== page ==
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Tiger Woods fighting to return after car crash severely injured leg – Toronto Sun

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Picture an injured Tiger Woods hobbling to the yard of his Florida home just to feel the touch of grass on his skin.

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“Sometimes I’d just crutch and lay on the grass for an hour because I want to be outside,” Woods told Golf Digest‘s Henni Koyack in a 40-minute interview released Monday.

That happened. So did the car crash. So did the 10 surgeries before the accident. So did the 2019 Masters win. So did the 82 PGA Tour wins. So did everything else that seemed impossible to imagine before Woods came along.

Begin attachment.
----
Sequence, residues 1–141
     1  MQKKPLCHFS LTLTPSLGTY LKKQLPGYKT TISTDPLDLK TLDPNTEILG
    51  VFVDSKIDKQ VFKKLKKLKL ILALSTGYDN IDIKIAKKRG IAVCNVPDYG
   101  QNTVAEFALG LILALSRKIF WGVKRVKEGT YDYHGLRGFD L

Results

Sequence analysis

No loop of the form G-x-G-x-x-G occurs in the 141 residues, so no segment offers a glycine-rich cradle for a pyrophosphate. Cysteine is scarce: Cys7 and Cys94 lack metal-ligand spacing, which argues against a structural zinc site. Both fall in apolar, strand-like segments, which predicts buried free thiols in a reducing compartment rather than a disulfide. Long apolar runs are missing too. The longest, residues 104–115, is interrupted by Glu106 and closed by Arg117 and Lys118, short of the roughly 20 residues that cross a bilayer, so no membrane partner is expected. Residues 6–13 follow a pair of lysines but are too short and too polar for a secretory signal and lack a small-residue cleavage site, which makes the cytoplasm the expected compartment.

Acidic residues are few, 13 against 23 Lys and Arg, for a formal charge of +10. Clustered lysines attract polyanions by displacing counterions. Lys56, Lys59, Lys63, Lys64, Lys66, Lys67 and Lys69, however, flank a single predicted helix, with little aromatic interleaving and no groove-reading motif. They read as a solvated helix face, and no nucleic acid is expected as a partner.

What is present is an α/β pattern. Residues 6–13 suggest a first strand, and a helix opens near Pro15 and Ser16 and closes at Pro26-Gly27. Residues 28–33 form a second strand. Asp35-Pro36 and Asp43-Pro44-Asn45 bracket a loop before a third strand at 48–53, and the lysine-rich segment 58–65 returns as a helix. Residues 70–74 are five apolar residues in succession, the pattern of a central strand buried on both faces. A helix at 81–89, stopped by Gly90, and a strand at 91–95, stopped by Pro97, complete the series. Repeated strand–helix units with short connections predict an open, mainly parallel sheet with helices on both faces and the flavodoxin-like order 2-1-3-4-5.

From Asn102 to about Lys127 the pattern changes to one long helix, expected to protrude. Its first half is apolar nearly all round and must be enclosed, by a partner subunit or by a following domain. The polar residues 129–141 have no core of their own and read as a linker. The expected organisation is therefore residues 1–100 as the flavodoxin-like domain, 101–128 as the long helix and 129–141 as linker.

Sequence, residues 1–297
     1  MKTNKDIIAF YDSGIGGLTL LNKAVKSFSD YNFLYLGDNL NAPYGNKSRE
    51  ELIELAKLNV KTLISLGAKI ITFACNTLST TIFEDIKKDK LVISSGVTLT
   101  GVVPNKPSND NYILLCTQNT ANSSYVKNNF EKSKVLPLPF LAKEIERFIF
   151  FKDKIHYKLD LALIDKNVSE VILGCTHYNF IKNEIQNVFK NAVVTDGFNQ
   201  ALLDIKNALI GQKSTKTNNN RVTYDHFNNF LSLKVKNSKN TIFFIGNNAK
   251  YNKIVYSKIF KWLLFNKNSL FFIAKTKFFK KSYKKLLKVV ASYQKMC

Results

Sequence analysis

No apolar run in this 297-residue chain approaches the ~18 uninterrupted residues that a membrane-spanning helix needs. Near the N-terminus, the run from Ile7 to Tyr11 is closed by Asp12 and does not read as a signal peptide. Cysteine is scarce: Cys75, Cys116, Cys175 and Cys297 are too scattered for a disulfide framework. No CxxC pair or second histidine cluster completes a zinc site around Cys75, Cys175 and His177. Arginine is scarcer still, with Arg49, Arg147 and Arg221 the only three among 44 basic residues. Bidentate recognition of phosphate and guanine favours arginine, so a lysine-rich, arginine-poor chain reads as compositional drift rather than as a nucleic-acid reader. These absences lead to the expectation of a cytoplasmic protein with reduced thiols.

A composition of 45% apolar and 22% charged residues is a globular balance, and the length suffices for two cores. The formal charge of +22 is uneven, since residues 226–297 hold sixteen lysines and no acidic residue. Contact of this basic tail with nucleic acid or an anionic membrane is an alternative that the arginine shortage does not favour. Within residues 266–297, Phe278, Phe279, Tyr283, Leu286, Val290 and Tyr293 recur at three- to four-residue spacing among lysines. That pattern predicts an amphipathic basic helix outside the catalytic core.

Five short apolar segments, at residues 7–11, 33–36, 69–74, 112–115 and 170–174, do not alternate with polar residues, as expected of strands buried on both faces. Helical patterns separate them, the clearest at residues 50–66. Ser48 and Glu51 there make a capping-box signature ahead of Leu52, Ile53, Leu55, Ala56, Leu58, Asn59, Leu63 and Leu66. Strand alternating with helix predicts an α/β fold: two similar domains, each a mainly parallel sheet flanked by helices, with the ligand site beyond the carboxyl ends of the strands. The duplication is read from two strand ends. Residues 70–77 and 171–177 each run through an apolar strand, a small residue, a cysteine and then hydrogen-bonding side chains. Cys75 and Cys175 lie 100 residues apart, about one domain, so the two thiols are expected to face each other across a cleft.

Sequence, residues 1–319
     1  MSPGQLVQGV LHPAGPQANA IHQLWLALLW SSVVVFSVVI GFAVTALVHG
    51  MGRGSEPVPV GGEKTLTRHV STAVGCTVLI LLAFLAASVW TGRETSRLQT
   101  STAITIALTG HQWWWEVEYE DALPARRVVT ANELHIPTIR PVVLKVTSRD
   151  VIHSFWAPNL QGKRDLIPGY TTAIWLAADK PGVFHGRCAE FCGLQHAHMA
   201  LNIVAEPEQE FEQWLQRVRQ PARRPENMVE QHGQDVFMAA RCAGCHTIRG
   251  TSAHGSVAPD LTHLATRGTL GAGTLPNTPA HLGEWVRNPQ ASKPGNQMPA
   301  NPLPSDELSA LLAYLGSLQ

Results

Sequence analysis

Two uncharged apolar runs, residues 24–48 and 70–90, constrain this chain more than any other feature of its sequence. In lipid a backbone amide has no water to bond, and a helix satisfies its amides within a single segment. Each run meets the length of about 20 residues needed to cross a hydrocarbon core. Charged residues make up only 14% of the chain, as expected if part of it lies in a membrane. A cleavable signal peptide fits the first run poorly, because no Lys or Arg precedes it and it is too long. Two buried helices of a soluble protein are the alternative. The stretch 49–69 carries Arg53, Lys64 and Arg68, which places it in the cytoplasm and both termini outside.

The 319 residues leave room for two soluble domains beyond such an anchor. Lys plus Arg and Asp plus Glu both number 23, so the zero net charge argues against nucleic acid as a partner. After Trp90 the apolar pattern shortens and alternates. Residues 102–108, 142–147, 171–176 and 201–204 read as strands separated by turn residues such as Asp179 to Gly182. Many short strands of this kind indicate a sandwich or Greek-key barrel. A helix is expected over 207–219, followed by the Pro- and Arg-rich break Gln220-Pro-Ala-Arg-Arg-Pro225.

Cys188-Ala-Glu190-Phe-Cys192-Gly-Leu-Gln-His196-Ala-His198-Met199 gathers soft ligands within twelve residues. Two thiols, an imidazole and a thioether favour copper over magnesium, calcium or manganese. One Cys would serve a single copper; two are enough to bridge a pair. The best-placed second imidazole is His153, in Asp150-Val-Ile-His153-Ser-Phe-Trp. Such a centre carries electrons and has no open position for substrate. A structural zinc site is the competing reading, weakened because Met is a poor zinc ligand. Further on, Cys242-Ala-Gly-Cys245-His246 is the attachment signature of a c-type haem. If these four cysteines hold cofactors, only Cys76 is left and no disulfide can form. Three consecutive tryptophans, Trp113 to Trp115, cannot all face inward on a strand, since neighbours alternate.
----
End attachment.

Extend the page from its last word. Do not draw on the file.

In his first public appearances since the February collision, Woods described what it was like spending three weeks in the hospital, and three months in a hospital bed at home following the crash that threatened to have his right leg amputated.

“It’s hard to explain how difficult it has been just to be immobile for the three months, just lay there and I was just looking forward to getting outside,” Woods said from the Hero World Challenge in the Bahamas on Tuesday. “That was a goal of mine. Especially for a person who has lived his entire life outside, that was the goal.”

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Now back on his feet, but admittedly in pain simply sitting for his first press conference since the accident, Tiger’s future goals on the golf course were made slightly more clear. In Monday’s interview with Golf Digest, Woods said his days as a full-time tour player are unequivocally over, but didn’t rule out playing select events much like Ben Hogan did following his 1949 car crash.